Consciousness -- reified, revolutionary, latent -- remains perhaps the thorniest, and in some ways most important, topic of research. Guido Starosta, in his "Scientific Knowledge and Political Action: On the Antinomies of Lukács' Thought in History and Class Consciousness," returns to that seemingly inexhaustible thinker for a new assault on this problematic. Starosta subjects Lukács' work to critical interrogation, avoiding both the celebratory tone present in some Lukács scholarship, on the one hand, and over-emphasis on the political, on the other. Systematic criticism reveals, Starosta argues, a contradiction between the posited source of reification in the real subsumption of labor, and the proposed basis for its transcendence in the formal subsumption (property relations). This contradiction has major implications for our conception of the genesis of productive subjectivity and (eventually) revolutionary consciousness.

Jerry Harris' Communication, "Transnational Capital and the End of u. \s. Hegemony," pursues the discussion of modern class formation initiated in S&S with the article by Harris and William I. Robinson, "Towards a Global Ruling Class: Globalization and the Transnational Capitalist Class" (Spring 2000), and continued in a "Symposium" on the topic among Giovanni Arrighi, Michael Mann, Jason W. Moore, Kees van der Pijl, Robert Went, and Robinson (Winter 2001-2002). We are also pleased to be able to present Bertell Ollman's thoughtful essay, "Marxism: This Tale of Two Cities," adapted from the Introduction to his forthcoming book, Dance of the Dialectic: Steps in Marx's Method.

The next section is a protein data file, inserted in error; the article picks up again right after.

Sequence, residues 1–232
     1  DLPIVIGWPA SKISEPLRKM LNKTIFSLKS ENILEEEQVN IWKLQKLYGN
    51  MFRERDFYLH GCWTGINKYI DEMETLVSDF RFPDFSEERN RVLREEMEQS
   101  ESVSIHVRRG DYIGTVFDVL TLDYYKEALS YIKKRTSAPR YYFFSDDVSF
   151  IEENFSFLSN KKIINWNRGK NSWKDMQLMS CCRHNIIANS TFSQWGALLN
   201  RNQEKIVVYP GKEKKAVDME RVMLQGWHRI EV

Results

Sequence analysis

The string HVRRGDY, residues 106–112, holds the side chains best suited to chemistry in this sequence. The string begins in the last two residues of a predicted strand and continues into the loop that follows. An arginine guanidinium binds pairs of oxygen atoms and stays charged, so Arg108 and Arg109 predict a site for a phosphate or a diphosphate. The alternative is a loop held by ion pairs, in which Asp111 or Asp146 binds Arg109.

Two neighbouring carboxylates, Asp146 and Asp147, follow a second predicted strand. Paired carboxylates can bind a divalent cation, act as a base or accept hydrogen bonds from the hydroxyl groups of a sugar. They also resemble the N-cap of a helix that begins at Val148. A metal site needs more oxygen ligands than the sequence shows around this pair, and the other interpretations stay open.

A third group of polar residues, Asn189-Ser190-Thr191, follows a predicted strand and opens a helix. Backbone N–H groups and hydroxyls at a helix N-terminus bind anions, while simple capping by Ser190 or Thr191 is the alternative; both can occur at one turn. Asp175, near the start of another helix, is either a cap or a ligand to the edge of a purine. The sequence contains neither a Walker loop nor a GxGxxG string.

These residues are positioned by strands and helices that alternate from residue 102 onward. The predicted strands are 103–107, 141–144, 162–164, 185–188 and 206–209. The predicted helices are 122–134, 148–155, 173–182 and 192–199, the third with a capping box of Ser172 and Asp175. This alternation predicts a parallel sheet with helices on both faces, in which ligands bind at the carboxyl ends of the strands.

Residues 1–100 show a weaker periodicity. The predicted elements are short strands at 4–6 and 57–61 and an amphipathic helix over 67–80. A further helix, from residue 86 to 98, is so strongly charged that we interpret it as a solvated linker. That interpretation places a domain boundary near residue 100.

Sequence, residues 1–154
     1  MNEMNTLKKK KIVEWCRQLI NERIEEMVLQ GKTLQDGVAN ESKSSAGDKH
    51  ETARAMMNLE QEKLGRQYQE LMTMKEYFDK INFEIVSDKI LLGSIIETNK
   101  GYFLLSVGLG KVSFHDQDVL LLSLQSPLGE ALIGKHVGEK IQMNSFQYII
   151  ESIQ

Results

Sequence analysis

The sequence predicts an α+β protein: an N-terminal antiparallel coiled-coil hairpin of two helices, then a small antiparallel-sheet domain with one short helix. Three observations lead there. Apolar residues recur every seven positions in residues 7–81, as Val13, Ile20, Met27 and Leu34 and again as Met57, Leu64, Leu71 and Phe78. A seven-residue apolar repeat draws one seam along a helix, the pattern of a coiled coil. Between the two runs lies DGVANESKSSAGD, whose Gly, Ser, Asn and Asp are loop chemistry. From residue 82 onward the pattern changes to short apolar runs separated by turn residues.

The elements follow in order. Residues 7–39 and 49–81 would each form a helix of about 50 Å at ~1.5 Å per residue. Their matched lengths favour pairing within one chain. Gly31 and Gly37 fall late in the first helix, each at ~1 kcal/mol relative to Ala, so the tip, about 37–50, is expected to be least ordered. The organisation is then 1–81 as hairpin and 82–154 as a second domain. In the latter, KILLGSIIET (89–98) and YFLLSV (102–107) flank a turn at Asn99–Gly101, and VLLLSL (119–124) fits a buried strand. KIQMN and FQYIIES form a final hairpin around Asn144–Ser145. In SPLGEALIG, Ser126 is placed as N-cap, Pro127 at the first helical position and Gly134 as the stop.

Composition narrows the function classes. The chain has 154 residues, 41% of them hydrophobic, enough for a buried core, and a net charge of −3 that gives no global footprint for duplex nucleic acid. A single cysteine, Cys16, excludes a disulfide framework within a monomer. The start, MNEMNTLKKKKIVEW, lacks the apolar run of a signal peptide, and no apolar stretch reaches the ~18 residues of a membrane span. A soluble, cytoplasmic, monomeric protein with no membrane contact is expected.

We round out the issue with two Review Articles. Edward Tverdek ("Fool Me Once") examines The Sokal Hoax, a collection of materials prepared by the Editors of Lingua Franca. And Ricardo Duschesne ("Eurocentrisin and Historical Variety") reviews Eight Eurocentric Historians, by the late J. M. Blaut, continuing the investigation into principles for understanding world history and divergences in development treated recently in Duchesrie's "Between Sinocentrism and Eurocentrism: Andre Gunder Frank's Re -- Orient" (Winter 2001 -- 2002). This discussion will continue in future issues.

D. L.

1. Price: $3.25! I have no idea how to partition the meagerness of this amount into its component parts: deficient perception of late-capitalist inflation, and Soviet subsidy. There is a copy of the 1906-09 Kerr hardcover edition of all three volumes on my shelves, but the International paperback is definitely the workhorse.

2. "Value and the Quest for the Core of Capitalism," Review of Radical Political Economics, Vol. 34 (2002), where six "false trails" in the study of value are identified: empiricism, formalism, matheinaticism, monetarism, temporalism, and textualism.

3. This is actually not quite accurate; Dussel does refer, for example, to "a future theory based on Marx's categories, which is still waiting to be developed" (198). It is the almost total absence of engagement with the huge corpus of Marxist work since Marx that justifies the characterization in the text.

4. The major exception is France; see "Editorial Perspectives," Winter 2002-2003, on The Eighteenth Brumaire.

5. In Marx, capitalists are powerful, but at the same time subject to objective laws, as the above quote implies. By contrast, in capitalist economics capitalists are either all-powerful, as with Keynes' unconstrained investors with practically unlimited financial power, or are reduced to the status of passive utility maximizers behaving parametrically in response to price signals.